eCM (Eur Cell Mater / e Cells & Materials) Not-for-Profit Open Access
Created by Scientists, for Scientists
 ISSN:1473-2262         NLM:100973416 (link)         DOI:10.22203/eCM

2021   Volume No 43 – pages 79-97

Title: Characterisation of subchondral bone repair following transplantation of bioreactor-manufactured autologous osteochondral graft in a sheep model

Authors: P Kostešić, A Vukasović Barišić, I Erjavec, M Pušić, D Hudetz, D Matičić, D Vnuk, M Vučković, A Ivković

Address: Department of Orthopaedic Surgery, University Hospital “Sveti Duh”, Sveti Duh 64, 10000 Zagreb, Croatia

E-mail: alan.ivkovic at

Abstract: To date, no single approach to the treatment of osteochondral defects has resulted in satisfactory long-term outcomes, especially in a young and active human population. Emerging innovative tissue engineering strategies, including the use of composite scaffolds, novel cell sources and bioreactors, have shown promising results. However, these techniques need to be validated in translational animal models before they can be implemented in clinical practice. The aim of the present study was to analyse morphological and microarchitectural parameters during subchondral bone repair following transplantation of bioreactor-manufactured autologous osteochondral grafts in a sheep model. Animals were divided into 4 treatment groups: nasal chondrocyte (NC) autologous osteochondral grafts, articular chondrocyte (AC) autologous osteochondral grafts, cell-free scaffolds (CFS) and empty defects (EDs). After 6 weeks, 3 months and 12 months, bone remodelling was assessed by histology and micro-computed tomography (µCT). Although gradual remodelling and subchondral bone repair were seen in all groups across the time points, the best results were observed in the NC group. This was evidenced by the extent of new tissue formation and its best integration into the surrounding tissue in the NC group at all time points. This also suggested that nasal septum chondrocyte-seeded grafts adapted well to the biomechanical conditions of the loaded joint surface.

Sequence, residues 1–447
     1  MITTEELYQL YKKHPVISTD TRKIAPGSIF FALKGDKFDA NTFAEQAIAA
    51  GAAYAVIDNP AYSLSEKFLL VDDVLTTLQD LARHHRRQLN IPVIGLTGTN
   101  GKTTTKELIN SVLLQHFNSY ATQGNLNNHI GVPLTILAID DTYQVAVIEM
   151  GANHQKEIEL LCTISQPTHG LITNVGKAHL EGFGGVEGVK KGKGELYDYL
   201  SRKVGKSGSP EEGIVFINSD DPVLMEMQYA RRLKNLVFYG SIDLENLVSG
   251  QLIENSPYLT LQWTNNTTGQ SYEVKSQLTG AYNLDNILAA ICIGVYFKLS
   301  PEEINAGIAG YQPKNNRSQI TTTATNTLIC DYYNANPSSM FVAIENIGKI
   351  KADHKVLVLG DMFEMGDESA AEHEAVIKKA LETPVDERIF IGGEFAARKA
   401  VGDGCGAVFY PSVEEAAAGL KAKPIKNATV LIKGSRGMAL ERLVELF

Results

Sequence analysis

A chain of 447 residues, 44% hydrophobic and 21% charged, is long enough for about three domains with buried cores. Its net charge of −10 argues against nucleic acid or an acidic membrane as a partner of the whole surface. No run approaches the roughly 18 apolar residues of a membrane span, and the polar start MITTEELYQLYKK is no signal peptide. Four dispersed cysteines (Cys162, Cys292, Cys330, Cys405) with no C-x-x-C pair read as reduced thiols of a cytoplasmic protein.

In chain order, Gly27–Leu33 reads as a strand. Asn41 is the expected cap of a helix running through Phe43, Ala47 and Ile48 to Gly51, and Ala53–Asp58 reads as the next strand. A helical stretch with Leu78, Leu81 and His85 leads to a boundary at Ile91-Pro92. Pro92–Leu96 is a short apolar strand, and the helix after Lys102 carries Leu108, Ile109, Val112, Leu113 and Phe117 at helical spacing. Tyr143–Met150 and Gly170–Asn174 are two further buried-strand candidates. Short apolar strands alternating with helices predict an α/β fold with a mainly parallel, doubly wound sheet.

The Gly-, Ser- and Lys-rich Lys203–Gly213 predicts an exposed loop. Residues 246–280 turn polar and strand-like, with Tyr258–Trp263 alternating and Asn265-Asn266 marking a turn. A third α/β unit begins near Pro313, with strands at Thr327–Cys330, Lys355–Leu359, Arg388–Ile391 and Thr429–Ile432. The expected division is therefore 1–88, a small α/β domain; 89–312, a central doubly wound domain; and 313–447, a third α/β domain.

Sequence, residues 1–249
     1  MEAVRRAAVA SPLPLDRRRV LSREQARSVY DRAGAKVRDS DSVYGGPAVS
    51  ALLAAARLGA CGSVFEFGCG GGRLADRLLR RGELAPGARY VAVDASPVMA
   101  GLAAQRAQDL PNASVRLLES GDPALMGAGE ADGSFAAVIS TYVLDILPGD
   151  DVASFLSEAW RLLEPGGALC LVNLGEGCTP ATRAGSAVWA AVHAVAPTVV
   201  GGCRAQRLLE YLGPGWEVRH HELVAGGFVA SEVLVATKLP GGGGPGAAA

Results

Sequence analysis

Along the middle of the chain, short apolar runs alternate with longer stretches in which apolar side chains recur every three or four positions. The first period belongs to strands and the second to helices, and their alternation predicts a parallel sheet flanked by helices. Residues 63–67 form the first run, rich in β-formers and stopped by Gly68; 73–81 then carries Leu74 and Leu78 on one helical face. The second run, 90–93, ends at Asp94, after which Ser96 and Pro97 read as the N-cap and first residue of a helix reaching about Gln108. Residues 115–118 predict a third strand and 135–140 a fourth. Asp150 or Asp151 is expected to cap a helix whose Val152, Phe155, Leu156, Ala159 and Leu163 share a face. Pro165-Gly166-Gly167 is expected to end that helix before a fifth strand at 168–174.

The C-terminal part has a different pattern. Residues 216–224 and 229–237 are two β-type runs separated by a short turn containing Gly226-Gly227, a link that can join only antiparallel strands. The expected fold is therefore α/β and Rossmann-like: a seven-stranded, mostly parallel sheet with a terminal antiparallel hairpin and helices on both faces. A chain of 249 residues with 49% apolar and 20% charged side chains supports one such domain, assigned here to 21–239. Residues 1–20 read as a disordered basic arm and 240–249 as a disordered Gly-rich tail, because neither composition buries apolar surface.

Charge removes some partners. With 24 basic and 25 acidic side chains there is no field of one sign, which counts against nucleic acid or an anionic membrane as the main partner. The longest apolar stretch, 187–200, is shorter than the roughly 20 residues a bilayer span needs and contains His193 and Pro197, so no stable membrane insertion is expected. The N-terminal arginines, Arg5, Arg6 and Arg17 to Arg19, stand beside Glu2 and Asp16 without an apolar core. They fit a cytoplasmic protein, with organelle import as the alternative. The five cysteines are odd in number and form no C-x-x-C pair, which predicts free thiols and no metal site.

Keywords: Subchondral bone, osteochondral graft, tissue engineering, computerised tomography, bioreactors, cartilage repair, animal model.

Publication date: March 2nd 2022

Article download: Pages 79-97 (PDF file)

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